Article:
Honoring King’s Legacy
Martin Luther King Jr.’s message echoed through Dunbar Recreation Center Monday morning as community members from throughout Butler County gathered to honor the Civil Rights pioneer.
King, a Baptist minister and Civil Rights pioneer, was honored at the Butler County Civic League’s annual Martin Luther King, Jr. Freedom Breakfast.
“(Today) we celebrate the birth, the life and the dream of Dr. Martin Luther King,” said George Cook, chairman of the Butler County Civic League. “We gather each year on the third Monday in January to reflect, recognize and remember the injustices that Dr. King fought. In the spirit of love, we celebrate the legacy of an extraordinary man, who did extraordinary things for common people.”
Georgiana Mayor Jerome Antone said he was one of those people who King’s life impacted in a significant way.
“When I was nine years old growing up in Montgomery, Alabama, in 1963, Dr. Martin Luther King gave his speech on Washington,” Antone said. “We didn’t have a television at the time, so all of us packed into the George Washington Carver auditorium to listen to the speech. That particular speech rang throughout our nation — ‘I Have a Dream.’ … I grew up in that dream, growing up in Montgomery, Alabama, on the west side. I was a young man, and I was struggling. My family was struggling. But Dr. Martin Luther King gave us a dream and told us to hold onto that dream. As long as you hold onto your dream, all things will come true.”
King’s message — a message of peace, love, justice, righteousness, accountability and humility— is one that still resonates, and is still very much needed today.
“We need Dr. Martin Luther King right now as much as ever,” said Rep. Chris Sells. “I have real concerns about the problems this country has to face. We all need to pray for it and do our part to help each other. There’s one saying I always go back to, and Dr. Martin Luther King said it. ‘If you can’t fly, run. If you can’t run, walk. If you can’t walk, crawl. But whatever you do, you have to keep moving forward.’”
Montgomery County Probate Judge Steven Reed, who served as the keynote speaker for Monday’s breakfast, said King’s message — his dream — was more than just wishful thinking. It was a call to action.
Reed said that if King’s “I Have a Dream” speech is all one knows of King, then one fails to see the full picture.
“I think sometimes Dr. King is viewed as a passive observer and a wistful dreamer,” Reed said. “But that’s inaccurate. You see, when we only take the chorus of that great hit, it’s no different than a song, and you may miss what the song is really about.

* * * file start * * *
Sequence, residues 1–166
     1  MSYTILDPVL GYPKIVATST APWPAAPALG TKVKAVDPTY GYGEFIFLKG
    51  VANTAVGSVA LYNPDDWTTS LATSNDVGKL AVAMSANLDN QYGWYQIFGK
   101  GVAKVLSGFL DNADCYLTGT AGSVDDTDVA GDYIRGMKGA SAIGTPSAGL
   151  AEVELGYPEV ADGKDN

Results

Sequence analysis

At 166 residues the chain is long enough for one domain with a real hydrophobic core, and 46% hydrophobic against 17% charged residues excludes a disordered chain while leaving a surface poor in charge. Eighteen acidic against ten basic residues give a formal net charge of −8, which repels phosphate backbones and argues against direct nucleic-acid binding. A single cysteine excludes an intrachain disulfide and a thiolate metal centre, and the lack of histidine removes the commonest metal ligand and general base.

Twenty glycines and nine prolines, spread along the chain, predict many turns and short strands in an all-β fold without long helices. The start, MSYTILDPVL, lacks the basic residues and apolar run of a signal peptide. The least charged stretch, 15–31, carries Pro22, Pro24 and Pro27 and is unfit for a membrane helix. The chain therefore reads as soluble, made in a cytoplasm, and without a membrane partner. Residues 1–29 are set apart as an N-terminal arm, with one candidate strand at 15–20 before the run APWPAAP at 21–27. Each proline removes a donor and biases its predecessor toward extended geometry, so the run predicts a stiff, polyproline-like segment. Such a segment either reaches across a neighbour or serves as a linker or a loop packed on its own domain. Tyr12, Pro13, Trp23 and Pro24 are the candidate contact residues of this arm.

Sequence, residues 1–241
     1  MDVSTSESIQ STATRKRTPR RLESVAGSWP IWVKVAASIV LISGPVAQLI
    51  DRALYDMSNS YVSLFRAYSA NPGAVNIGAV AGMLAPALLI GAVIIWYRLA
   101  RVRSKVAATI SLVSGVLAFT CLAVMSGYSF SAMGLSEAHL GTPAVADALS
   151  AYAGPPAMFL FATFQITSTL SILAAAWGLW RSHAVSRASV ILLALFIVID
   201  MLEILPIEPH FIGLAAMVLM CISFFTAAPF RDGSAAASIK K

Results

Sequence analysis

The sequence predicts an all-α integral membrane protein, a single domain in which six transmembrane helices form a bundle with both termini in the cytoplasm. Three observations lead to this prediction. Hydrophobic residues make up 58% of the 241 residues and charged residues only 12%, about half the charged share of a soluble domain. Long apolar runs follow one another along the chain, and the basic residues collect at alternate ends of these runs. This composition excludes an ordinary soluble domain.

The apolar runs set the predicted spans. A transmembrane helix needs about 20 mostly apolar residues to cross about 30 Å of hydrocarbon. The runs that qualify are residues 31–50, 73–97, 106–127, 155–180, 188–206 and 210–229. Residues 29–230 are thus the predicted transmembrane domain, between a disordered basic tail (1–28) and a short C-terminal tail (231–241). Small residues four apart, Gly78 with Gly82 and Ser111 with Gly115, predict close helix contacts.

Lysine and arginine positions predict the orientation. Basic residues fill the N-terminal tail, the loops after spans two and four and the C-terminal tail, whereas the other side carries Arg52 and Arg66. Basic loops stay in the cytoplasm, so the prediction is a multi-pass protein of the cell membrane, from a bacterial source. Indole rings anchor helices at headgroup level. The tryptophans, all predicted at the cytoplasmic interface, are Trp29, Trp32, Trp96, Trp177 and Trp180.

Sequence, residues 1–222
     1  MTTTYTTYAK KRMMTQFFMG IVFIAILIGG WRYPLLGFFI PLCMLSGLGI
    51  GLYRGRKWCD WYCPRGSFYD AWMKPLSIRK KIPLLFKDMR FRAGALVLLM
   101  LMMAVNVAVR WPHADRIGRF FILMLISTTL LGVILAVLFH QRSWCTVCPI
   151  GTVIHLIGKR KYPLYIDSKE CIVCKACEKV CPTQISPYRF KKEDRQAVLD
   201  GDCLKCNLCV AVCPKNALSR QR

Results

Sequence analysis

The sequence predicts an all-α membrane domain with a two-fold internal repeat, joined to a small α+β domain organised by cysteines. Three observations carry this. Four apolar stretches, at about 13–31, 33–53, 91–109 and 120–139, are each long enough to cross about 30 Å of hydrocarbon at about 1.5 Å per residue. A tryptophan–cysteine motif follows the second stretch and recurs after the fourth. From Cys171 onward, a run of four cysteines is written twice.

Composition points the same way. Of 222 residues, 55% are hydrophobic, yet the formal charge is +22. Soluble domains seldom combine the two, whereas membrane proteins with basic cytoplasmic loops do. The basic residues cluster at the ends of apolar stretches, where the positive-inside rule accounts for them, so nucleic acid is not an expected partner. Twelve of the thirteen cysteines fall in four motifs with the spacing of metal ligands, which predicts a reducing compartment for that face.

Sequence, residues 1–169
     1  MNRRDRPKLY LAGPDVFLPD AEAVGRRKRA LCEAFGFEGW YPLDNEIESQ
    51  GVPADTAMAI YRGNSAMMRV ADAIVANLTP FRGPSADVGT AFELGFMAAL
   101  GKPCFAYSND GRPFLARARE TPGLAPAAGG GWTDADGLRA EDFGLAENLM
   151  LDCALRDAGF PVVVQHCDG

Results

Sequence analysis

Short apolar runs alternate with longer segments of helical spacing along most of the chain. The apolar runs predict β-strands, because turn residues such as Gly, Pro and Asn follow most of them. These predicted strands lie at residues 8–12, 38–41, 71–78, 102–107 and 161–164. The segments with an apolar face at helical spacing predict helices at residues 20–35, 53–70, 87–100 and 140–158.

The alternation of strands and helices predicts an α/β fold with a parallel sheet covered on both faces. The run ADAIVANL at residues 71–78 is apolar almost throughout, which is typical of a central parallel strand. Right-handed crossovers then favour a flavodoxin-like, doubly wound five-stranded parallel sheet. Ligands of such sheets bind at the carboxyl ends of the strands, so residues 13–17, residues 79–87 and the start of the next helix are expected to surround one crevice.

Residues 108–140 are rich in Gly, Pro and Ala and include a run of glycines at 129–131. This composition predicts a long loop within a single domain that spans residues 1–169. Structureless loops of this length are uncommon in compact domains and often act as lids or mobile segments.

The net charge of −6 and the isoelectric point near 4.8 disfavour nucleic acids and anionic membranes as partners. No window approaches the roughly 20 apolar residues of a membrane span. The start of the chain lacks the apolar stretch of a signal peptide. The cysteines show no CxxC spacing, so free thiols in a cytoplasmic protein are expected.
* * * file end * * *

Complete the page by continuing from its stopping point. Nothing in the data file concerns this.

“’I Have a Dream’ was not about Dr. King’s completed idea or wishful thinking. … It was a searing critique of the promises that had been made to African-Americans and not delivered on. It was his effort to put a mirror in the face of the United States government. Dr. King was saying, ‘Here’s where we are, what we look like. Here’s what I pray that you look like one day.’
“To really bask in his shadow is to live in his principles. It is not just to call out economic inequality. It is to do something about that economic inequality.”
Reed said that in doing so, King’s legacy will truly live on.
“While it’s great to be here to celebrate the legacy on this day, it’s important that we don’t just celebrate and commemorate the legacy on this day,” he said. “We have to keep in mind that the legacy lives through us and a legacy lives through what we do every day.”
At Monday’s breakfast, Greenville Mayor Dexter McLendon made a special presentation to Harrison Street Missionary Baptist Church.
In December of 1965, King visited the Camellia City and preached at the church. Jim Peppler, a photographer with the Southern Courier, snapped a photo of King standing behind the church’s pulpit. Kevin Pearcey, director of the Greenville-Butler County Public Library, stumbled across the photo while preparing a Civil Rights exhibit that was displayed at the library during Black History Month last year.
“I simply Googled Dr. Martin Luther King’s name and Greenville, Alabama, and the first image that came up was of him at Harrison Street Missionary Baptist Church,” Pearcey said. “I was very familiar with that brick wall, and I was very familiar with that pulpit because I had seen them four years earlier at Harrison Street Missionary Baptist Church.”
The photo sheds light on the role Greenville played in the Civil Rights movement.
“Oftentimes, when discussing the Civil Rights movement, we talk about Selma, Birmingham, Montgomery — all important places — but it’s also important to realize that this was a very real struggle that happened in small towns like Greenville across the south,” Pearcey said.
McLendon said during Monday’s presentation that he was shocked to learn that King had visited the Camellia City.
“I got chill bumps,” McLendon said. “I just couldn’t believe that Dr. King had been in Greenville. I didn’t know it. I’m sorry to say I didn’t, but I didn’t know it. … I believe that every child in Greenville needs to know about him being in our town, and the march and what happened and how it happened. … I think it’s a great thing for the City of Greenville that this great man came to our town, and I think we need to remember that. “
The photo has been displayed at schools across the county, the Butler County Courthouse, Greenville City Hall and the library.
The picture will eventually hang in the church with a plaque commemorating King’s visit.